Biology, Chemistry



Water in Biochemistry

Water is essential in biochemistry

  • Nearly all biochemical reactions occur in water
    • Reactants, products, nutrients, waste depend on water
  • Water itself participates in chemical reactions:
    • \mathrm{H^+}
    • \mathrm{OH^-}
  • Biomolecules adjust their shape (and therefore function) in response to physical and chemcial properties of water

Hydrogen bond = attractive force between hydrogen bonded to an electronegative atom (e.g., O, N, F) and an unshared electron pair on another electronegative atom

  • In general, a hydrogen bond can be represented as D-H—-A
    • DH = weaky acidic donor group (e.g., OH, NH, sometimes SH)
    • A = weakly basic acceptor group (e.g., O, N, or sometimes S)
  • The energy of an individual hydrogen bond is only approximately 20 \mathrm{kJ} / \mathrm{mol} BUT the number of hydrogen bonds in a given system can accumulate so that the overall effect of hydrogen bonds is very significant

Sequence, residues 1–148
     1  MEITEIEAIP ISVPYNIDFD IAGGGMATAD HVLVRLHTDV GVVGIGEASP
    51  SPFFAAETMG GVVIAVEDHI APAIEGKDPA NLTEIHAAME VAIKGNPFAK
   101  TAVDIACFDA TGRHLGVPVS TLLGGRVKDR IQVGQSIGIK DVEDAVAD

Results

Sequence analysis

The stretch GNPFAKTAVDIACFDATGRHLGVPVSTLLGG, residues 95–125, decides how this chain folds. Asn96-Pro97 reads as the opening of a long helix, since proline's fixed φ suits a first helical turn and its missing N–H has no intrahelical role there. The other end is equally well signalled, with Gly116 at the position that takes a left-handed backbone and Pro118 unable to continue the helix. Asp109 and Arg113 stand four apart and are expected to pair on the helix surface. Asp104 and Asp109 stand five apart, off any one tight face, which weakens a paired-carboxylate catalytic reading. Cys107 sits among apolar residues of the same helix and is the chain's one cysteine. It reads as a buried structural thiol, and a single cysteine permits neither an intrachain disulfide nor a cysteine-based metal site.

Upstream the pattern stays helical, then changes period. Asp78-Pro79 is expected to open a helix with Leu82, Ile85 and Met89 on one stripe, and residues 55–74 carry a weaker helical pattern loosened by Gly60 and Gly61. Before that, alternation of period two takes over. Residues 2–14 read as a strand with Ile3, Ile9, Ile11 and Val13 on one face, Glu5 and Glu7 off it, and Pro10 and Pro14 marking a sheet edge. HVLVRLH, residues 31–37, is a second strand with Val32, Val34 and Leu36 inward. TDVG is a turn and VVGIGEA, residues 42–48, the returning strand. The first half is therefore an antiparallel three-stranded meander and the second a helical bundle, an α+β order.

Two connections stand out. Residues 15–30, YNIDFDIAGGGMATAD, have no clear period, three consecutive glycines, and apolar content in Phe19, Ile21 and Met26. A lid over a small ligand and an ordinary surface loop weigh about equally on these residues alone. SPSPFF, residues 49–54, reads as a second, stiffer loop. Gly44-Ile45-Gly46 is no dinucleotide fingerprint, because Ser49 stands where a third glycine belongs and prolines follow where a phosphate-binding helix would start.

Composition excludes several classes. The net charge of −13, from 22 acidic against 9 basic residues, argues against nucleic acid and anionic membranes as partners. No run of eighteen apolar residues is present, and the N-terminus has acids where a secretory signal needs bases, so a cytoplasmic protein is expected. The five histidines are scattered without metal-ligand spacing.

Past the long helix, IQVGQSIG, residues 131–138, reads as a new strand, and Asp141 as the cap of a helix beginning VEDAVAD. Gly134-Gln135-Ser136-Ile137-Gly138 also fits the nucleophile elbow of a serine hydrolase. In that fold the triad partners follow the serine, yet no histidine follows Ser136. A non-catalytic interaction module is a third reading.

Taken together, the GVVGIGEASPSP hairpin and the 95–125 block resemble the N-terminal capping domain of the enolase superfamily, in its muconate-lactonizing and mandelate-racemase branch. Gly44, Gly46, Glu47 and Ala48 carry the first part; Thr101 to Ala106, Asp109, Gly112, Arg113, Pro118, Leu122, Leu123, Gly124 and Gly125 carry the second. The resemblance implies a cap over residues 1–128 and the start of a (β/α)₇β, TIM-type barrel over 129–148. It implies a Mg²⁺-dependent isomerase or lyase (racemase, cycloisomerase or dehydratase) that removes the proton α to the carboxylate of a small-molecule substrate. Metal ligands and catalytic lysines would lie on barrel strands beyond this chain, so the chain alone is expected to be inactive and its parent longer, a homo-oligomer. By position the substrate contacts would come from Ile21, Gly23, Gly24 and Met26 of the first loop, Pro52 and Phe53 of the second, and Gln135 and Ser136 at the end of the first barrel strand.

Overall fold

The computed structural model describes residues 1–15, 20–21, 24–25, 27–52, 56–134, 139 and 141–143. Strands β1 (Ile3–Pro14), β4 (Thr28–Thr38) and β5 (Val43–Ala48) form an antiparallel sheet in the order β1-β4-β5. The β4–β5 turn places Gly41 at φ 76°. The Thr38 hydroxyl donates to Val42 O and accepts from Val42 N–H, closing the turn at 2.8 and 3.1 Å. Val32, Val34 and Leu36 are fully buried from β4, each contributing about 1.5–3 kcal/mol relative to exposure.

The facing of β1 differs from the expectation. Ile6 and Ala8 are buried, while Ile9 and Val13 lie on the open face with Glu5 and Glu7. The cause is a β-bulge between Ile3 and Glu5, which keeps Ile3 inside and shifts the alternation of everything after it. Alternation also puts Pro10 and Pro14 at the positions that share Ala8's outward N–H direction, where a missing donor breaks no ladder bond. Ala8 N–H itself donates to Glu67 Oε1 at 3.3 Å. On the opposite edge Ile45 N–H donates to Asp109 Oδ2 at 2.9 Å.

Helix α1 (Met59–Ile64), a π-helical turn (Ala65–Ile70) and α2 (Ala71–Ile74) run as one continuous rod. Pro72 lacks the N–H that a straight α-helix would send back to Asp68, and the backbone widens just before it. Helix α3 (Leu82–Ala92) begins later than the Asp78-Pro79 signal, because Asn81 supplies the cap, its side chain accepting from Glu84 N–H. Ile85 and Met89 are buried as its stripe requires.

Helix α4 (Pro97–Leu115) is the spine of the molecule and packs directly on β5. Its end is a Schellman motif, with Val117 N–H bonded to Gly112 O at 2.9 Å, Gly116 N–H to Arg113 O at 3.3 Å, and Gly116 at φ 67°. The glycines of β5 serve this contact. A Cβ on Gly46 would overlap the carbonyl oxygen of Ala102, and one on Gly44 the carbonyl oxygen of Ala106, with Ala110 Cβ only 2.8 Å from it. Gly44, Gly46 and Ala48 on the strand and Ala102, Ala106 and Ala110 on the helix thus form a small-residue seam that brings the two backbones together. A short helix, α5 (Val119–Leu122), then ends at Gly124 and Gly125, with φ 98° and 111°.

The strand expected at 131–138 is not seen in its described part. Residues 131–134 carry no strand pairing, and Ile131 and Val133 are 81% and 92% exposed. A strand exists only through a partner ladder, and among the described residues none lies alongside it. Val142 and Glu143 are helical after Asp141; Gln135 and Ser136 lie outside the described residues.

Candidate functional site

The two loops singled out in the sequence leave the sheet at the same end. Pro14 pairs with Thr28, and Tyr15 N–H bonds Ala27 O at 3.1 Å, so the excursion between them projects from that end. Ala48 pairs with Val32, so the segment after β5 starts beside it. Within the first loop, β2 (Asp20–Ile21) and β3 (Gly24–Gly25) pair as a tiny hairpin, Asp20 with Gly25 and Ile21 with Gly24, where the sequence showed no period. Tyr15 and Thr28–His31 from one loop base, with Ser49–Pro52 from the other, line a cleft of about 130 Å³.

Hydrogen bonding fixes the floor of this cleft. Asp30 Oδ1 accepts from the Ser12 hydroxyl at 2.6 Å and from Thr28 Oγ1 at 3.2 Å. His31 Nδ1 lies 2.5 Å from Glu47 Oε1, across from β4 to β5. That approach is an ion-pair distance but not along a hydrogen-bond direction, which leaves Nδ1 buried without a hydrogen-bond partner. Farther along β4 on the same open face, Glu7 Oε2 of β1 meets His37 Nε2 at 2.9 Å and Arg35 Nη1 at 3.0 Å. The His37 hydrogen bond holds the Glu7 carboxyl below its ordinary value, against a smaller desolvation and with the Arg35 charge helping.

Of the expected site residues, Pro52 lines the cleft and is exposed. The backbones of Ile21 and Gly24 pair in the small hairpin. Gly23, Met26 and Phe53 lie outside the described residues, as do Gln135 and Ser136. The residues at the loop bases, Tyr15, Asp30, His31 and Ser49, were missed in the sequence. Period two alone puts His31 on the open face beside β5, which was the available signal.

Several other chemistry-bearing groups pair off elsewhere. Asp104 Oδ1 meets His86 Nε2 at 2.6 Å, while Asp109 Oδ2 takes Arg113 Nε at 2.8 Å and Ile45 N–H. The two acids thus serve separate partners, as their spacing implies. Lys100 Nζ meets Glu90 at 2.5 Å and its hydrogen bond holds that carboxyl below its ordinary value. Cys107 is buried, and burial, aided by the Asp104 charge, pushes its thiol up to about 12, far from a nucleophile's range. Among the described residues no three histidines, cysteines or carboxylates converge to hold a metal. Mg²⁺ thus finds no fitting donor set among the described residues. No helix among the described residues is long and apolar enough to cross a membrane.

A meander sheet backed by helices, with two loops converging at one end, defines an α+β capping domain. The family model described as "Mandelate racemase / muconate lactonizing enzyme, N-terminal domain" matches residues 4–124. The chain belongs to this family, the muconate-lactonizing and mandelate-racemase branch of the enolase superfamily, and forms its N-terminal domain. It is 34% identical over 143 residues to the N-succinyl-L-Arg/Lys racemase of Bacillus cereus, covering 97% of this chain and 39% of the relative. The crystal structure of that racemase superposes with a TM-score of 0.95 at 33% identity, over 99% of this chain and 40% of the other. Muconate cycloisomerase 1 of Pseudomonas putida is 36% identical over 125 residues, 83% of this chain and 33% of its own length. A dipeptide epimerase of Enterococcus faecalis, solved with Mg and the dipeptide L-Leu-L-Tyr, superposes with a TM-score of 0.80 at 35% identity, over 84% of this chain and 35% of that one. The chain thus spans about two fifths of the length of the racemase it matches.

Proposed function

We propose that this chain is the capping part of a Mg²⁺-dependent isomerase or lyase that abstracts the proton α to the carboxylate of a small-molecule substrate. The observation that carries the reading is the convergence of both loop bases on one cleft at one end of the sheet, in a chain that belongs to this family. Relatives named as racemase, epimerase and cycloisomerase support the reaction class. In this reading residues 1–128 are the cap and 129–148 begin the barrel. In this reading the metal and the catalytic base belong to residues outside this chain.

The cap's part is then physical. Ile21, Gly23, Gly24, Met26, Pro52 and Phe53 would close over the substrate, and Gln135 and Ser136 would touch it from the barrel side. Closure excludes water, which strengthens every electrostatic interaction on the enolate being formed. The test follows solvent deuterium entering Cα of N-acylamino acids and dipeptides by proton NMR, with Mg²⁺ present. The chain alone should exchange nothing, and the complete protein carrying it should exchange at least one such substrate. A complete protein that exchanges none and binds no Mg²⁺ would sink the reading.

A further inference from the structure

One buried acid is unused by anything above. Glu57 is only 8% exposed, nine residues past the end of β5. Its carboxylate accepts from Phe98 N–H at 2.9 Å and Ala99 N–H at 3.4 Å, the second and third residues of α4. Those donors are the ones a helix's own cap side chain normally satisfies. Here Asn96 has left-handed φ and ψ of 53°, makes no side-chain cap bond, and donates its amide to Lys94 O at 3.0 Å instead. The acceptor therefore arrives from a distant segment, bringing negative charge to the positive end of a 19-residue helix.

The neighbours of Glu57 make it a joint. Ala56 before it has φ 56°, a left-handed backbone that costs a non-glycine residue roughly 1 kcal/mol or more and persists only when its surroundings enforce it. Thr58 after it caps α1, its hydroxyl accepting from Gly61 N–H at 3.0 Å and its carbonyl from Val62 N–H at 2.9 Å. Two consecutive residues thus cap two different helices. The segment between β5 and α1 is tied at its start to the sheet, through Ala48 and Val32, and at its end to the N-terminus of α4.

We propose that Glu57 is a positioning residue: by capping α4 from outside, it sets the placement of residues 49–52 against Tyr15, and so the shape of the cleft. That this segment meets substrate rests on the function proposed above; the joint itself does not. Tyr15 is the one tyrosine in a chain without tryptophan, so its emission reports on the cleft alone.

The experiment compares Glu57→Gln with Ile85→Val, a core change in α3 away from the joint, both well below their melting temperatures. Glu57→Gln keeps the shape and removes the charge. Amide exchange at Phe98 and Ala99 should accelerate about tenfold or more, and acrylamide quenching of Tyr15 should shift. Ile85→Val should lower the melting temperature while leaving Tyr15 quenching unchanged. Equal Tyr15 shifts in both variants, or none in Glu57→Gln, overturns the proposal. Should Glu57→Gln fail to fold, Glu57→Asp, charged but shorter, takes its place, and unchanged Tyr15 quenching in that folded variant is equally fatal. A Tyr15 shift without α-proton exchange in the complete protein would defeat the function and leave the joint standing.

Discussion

• Note: hydrogen bonds are constantly forming and breaking in solution
    • Water “networks” break up and reform every 2 \cdot 10^{-11} \mathrm{sec}
    • Thus, liquid water can be seen as a rapidly chaning 3D network of hydrogen bonds
  • Importantly, weak molecular interactions dictate the structure of biomolecules
    • This includes hydrogen bonds as well as ionic/electrostatic interactions and van der Waals interactions

Water affects solubility

  • Hydrophilic = polar and ionic compounds
    • Water is a good solvent for these types of molecules
  • Hydrophobic = compounds that are virtually insoluble in water
  • Most biomolecules will have both hydrophillic and hydrophobic groups (the technical term for these molecules is amphiphilic or amphipathic)
    • Example: lipid bilayer of a cell membrane
  • Hydrophobic effect = the tendency of water to minimize contacts with hydrophobic molecules

Water can participate in chemical reactions

  • Water only has a slight tendency to minimize, but can form \mathrm{H^+} and \mathrm{OH^-} ions
  • \mathrm{H^+} associates with \mathrm{H_2 O} to form \mathrm{H_3 O^+}
    • Thus, \mathrm{H^+} is never free in solution
    • Proton jumping = when the \mathrm{H^+} of \mathrm{H_3 O^+} jumps to other molecules
      • Explains why acid-base reactions occur most quicky in aqueous solutions


  • high surface tension ⇒ concentrated into tiny droplets
  • low surface tenson ⇒ spreads out


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